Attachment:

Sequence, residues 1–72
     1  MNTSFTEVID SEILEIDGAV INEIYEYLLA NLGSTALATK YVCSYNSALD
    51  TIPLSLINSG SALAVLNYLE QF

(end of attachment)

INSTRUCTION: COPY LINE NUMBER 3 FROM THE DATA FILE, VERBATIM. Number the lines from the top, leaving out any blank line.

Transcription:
    51  TIPLSLINSG SALAVLNYLE QF